Towards a comprehensive approach

Let us now look closer to how the comprehensive approach was achieved during the National Security Strategic Review. The basis for strategic planning in the area of security was the determination of national interests and resulting strategic objectives in the field of security. The point of departure for defining these objectives and interests was the diagnosis of Poland as a strategic security entity, conducted in the context of the historical formation of Polish national identity and statehood, the present constitutional and political conditions, and the current defence, protective, societal and economic potential.

Secondly, Poland has reviewed its security environment. The basic question for this review was asked: What is the current strategic security environment (external and internal, military and non-military security conditions) and what are the possible scenarios for the evolution thereof in twenty-year perspective?

Then it has been considered the possible, including recommended, concepts of Poland’s strategic activities (operational strategy), or ways of achieving the strategic objectives set up in envisaged scenarios, for shaping the security environment, including strategic tasks in the following areas of security: defence, protection, society and economy.

Three options resulted, corresponding to the three scenarios:

– an option of maximum internationalization of Poland’s security

– an option of strategic autarky (self-reliance and self-sufficiency); and

– an option of sustainable internationalization and autonomy of Poland’s security, corresponding to the evolutionary scenario that was chosen as the most viable one.

Lastly, Poland has outlined a concept of preparing the national security system. It has been elaborated the possible, including recommended,options of Poland’s strategic preparations in the field of security, i.e. the ways of maintaining and transforming the national security system that result from the operational strategy. As a result, it was confirmed that the following strategic security activities should focus on the following three main priorities:

– remaining determined and ready to act in the full spectrum of fields, areas and sectors of national security, with a special emphasis on these in which allied operations can be difficult;

– strengthening the international security community through the intensification of the integration processes in the Euro-Atlantic area, based on shared interests and values, especially within the system of NATO’s collective defence, the EU’s Common Security and Defence Policy, and strategic partnerships (including with the USA) as well as – within their framework – the strategic good–neighbourliness; and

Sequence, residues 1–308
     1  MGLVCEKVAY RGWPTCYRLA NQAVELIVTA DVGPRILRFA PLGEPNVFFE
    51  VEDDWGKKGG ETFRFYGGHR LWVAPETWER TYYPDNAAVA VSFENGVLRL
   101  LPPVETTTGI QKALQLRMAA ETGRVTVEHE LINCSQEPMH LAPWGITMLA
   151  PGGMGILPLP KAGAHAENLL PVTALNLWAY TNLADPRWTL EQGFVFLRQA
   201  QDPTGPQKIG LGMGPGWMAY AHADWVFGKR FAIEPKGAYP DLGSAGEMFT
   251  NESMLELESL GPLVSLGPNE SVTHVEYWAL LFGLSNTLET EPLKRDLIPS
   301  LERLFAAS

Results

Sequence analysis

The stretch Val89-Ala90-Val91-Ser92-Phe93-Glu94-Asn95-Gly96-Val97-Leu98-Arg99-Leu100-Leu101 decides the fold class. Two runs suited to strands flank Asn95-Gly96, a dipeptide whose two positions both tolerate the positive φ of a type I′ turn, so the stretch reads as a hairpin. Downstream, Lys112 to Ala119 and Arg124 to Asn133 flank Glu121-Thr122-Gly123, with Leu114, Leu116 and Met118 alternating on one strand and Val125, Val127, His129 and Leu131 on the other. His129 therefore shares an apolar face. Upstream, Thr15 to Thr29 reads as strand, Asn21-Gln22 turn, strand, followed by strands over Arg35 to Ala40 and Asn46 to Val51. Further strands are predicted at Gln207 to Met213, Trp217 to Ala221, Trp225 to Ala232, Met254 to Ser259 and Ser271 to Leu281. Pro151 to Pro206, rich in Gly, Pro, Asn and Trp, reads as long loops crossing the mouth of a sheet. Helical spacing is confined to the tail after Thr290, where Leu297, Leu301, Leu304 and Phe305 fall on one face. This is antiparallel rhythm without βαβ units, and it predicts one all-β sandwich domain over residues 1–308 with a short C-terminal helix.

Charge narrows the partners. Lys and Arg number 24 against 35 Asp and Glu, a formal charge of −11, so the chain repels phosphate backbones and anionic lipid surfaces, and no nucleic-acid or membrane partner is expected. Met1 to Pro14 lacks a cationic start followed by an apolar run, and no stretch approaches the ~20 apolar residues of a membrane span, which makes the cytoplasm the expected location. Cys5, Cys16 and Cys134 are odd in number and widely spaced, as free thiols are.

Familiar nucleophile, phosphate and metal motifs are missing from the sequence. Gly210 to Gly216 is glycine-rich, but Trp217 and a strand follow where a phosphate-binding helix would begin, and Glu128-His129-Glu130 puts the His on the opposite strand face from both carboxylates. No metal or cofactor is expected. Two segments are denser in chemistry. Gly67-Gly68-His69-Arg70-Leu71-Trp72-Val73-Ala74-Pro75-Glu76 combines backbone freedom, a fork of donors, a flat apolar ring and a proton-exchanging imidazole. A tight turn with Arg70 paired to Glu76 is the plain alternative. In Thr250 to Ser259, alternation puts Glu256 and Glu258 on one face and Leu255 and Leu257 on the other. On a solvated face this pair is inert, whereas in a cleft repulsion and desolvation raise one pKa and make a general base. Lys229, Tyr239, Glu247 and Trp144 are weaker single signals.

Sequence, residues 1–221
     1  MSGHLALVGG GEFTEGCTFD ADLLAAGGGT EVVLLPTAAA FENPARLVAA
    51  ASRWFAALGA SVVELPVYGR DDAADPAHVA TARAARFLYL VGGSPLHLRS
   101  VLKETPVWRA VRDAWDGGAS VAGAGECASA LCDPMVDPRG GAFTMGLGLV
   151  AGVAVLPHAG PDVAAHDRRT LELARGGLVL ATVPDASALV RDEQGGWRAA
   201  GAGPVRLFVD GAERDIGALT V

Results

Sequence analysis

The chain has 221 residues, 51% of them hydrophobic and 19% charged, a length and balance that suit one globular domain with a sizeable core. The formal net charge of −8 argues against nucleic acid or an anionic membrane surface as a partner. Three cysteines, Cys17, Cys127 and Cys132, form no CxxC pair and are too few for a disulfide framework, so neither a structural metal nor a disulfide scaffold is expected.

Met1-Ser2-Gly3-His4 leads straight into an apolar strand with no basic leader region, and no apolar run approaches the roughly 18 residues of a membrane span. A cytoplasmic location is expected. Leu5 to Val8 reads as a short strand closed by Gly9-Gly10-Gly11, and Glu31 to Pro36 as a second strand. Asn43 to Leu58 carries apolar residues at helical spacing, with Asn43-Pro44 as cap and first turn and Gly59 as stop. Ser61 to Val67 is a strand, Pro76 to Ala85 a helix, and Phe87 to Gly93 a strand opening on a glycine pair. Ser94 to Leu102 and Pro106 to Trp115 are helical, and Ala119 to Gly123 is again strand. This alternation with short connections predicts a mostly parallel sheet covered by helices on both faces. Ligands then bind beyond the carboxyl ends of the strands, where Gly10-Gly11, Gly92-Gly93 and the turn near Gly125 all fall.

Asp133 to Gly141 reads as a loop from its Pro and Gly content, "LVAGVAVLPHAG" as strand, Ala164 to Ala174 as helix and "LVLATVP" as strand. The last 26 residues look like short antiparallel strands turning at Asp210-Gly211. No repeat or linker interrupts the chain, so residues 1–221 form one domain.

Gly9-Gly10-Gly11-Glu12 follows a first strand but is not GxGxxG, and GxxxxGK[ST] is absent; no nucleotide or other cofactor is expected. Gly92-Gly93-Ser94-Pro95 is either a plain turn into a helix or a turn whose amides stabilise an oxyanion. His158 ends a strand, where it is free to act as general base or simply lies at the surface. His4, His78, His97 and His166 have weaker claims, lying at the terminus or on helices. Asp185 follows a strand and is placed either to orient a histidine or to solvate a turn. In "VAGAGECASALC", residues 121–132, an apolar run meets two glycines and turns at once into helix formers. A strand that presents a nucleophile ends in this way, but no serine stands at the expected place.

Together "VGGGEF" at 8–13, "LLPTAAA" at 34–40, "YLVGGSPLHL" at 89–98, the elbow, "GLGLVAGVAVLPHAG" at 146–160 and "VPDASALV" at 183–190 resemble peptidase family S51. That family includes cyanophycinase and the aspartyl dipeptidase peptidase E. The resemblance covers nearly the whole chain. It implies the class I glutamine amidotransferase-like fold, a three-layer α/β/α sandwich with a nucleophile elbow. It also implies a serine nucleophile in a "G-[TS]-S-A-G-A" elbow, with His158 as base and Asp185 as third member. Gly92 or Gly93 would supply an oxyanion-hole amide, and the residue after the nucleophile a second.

– supporting and selectively participating in international operations aimed at preventing the emergence of new sources of threat or the spread of existing crises at a supra-regional level, based on a explicit international mandate .

In Polish approach it has been taken into the consideration that the preparatory strategy must be guided by the rules of accuracy, adequacy and economic viability.

Only then the strategic prorities may be achieved. That is why they are the integration of the national security control subsystem; professionalization of operational subsystems (defensive and protective); and the all-encompassing preparation of support subsystems (societal and economic).

The further leading thought of preparing the security system for both seizing the opportunities stemming from international cooperation and developing rationally capabilities to counter – jointly with allies or individually – military and non-military threats, should a need arise. This is an option assuming the continuing development of the already initiated processes of transforming the security system. Establishing a legal and organizational basis for the integrated national security system is a next step towards that direction.

The above assumptions of preparing the national security system of the Republic of Poland are all-embracing. Establishing the acknowledged priorities, thanks to the synergy effect, should ensure greater effectiveness, remove the duplication of responsibilities, and allow more rational spending of funds allocated for national security purposes.

The result will be a comprehensive, effective and integrated national security system that will effectively respond to all the state’s needs and interests.

PDF version of the policy paper can be downloaded HERE

2017-05-30T09:35:18+00:00